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November 21, 2012

Bias photo

Big opinions led to the new Bluenose Bias webcast

Mount students Joshua Robin Young and Sean Joudry have created a webcast called the Bluenose Bias, and the show holds true to its namesake. The Bias (as Robin affectionately calls it) is a tri-weekly show aired on YouTube that explores local, provincial, and global news. Bluenose Bias is a refreshing take on what’s happening in the news media today: hosts Sean and Robin don’t so much cover news as tear it to shreds. All in good humour, of course, but not much gets past these guys – and they’re not afraid to let you know what they think.

Kelly Lynch, editor of Symmetry Public Relations, sat down with Robin and Sean to get the the skinny on the Bias, which Symmetry will be airing a select episode of every Friday. You can further explore the Bluenose Bias YouTube channel, where you will find Robin and Sean’s entire news-shredding repertoire. Below is the 'Obama back in the Whitehouse: What does this mean for Canada?' debut, featured on Symmetry's website.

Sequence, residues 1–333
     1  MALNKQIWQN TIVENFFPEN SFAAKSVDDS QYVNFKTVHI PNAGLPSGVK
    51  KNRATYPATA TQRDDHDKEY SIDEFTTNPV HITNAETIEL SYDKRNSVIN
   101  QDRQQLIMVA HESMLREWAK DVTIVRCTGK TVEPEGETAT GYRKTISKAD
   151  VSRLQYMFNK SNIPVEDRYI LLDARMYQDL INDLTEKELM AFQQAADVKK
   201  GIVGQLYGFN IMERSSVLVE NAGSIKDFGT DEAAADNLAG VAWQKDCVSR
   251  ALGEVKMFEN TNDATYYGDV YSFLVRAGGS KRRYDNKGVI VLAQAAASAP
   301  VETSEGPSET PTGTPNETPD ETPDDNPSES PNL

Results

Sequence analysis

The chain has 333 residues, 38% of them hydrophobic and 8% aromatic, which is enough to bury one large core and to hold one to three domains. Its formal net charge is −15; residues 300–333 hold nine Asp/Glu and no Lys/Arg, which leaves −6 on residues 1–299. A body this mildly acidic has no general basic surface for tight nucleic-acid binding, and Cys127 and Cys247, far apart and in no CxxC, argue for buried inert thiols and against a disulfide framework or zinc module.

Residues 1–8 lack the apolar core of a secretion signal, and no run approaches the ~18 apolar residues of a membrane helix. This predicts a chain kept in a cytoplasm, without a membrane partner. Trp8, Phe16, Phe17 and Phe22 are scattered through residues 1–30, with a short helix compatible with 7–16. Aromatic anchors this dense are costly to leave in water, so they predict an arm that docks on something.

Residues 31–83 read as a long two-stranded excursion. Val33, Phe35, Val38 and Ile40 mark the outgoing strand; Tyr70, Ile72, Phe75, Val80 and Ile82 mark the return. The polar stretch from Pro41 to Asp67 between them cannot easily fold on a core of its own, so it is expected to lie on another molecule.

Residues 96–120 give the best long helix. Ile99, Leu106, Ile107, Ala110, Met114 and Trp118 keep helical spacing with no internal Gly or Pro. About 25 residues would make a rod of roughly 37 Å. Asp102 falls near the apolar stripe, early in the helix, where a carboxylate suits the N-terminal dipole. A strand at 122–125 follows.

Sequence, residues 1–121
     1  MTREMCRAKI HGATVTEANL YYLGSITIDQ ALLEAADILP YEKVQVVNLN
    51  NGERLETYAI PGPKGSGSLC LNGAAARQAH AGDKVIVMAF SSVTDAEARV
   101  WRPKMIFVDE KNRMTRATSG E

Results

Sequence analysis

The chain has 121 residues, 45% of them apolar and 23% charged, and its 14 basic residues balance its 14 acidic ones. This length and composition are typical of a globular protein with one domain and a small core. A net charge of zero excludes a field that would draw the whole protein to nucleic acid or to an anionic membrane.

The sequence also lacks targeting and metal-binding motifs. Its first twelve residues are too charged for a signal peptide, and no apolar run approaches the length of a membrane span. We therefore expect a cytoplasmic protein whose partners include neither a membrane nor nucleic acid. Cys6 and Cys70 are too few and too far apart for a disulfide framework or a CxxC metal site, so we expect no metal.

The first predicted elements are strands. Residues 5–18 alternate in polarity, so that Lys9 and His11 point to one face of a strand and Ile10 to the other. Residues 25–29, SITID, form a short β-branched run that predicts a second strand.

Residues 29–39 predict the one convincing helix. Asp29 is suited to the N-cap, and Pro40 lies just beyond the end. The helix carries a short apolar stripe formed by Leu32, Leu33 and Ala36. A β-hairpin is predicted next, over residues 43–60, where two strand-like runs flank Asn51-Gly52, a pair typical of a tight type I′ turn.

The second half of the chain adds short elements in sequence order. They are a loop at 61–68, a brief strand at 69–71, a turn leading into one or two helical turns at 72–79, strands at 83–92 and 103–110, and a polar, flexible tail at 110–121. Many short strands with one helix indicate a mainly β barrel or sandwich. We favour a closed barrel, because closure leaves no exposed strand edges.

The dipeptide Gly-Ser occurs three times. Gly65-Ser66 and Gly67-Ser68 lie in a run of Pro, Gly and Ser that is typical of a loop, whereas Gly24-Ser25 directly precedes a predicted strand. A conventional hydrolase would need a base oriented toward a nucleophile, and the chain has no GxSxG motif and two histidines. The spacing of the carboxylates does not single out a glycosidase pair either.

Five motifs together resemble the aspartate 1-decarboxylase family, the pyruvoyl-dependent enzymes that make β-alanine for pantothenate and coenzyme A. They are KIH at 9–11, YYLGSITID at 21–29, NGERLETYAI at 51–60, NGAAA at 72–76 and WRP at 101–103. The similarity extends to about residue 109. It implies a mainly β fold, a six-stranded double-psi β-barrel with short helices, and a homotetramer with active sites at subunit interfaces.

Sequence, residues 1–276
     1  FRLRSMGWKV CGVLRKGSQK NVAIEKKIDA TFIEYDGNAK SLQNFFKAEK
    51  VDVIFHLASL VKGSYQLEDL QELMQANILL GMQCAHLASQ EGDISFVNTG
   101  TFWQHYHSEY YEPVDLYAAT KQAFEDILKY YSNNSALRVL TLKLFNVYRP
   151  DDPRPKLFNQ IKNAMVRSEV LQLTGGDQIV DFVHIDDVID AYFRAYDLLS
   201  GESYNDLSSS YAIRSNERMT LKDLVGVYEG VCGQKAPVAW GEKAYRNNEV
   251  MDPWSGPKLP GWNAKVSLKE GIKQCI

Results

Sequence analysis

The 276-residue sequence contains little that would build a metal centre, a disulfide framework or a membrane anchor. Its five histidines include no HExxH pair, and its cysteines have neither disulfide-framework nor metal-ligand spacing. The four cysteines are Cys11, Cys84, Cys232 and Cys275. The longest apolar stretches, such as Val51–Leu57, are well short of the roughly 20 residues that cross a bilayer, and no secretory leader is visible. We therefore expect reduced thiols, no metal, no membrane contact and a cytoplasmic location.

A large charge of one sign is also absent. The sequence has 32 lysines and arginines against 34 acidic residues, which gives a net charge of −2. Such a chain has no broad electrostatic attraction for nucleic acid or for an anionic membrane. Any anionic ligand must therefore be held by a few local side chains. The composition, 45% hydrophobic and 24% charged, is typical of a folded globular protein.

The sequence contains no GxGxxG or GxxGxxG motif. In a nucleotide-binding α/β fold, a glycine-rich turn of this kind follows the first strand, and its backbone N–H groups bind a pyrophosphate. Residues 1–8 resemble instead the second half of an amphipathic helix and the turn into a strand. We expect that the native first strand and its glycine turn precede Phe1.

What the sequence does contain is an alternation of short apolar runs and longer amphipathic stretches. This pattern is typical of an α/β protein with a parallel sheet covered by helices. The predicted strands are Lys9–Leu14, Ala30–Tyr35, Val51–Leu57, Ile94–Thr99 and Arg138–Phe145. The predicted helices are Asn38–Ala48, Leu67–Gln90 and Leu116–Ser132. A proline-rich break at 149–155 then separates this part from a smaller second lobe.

Bluenose Video Clip Image

Q&A with the Bluenose Bias duo

Q: Who is the Bluenose Bias?
Robin: Well, Sean and I are the hosts, producers, promoters, creators – we do pretty much everything, although now we have a few others helping out. We started a Facebook group called the Bluenose Bias team. One [member] is Sam Coleman who is our sometimes film/cameraman. Our film expert. And then we have Jason Gardner who does editing…he also drives us around and lets us use his camera [laughs]. And we also have Josh Fraser, who is our “ideas guy.”

Q: What is the Bluenose Bias?
Sean: The idea is to add in a voice from people who aren’t the mainstream media. It’s interpreting the news. But, despite being called the Bluenose Bias – it’s not a lot of partisan content. We’re rational individuals who want to talk about this stuff intelligently. The general concept for Bluenose Bias came to me a good five or so months back. I thought Robin and I had a lot of really great conversations, and they reminded me of a podcast called Diggnation. And it was just two guys sitting on a couch giving their opinions on news stories. There’s not a lot of blatant interpretation of news stories here in Atlantic Canada. We wanted to provide that.

Q: Where is Bluenose Bias filmed?
Sean: We move around. When winter comes along it will be more difficult to stand outside for filming. It’s a lot of time to set up, for Robin and I to coordinate our thoughts [laughs]. We have a lot of plans for the future for higher production quality. New media in general is really going to see a boom over the next 10 years as the influence of mainstream media decreases while independent, new media rises significantly.

View the complete article on the Symmetry Public Relations website »